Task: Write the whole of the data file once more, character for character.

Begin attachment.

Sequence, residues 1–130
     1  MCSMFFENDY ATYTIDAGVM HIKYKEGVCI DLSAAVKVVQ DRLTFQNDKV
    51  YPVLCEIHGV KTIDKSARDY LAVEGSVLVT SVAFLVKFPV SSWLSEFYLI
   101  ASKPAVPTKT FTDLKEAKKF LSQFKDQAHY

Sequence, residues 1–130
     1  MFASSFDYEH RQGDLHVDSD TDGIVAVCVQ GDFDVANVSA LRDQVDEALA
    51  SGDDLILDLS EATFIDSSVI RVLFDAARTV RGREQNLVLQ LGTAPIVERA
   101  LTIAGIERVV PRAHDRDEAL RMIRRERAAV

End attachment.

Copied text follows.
Sequence, residues 1–130
     1  MCSMFFENDY ATYTIDAGVM HIKYKEGVCI DLSAAVKVVQ DRLTFQNDKV
    51  YPVLCEIHGV KTIDKSARDY LAVEGSVLVT SVAFLVKFPV SSWLSEFYLI
   101  ASKPAVPTKT FTDLKEAKKF LSQFKDQAHY

Sequence, residues 1–130
     1  MFASSFDYEH RQGDLHVDSD TDGIVAVCVQ GDFDVANVSA LRDQVDEALA
    51  SGDDLILDLS EATFIDSSVI RVLFDAARTV RGREQNLVLQ LGTAPIVERA
   101  LTIAGIERVV PRAHDRDEAL RMIRRERAAV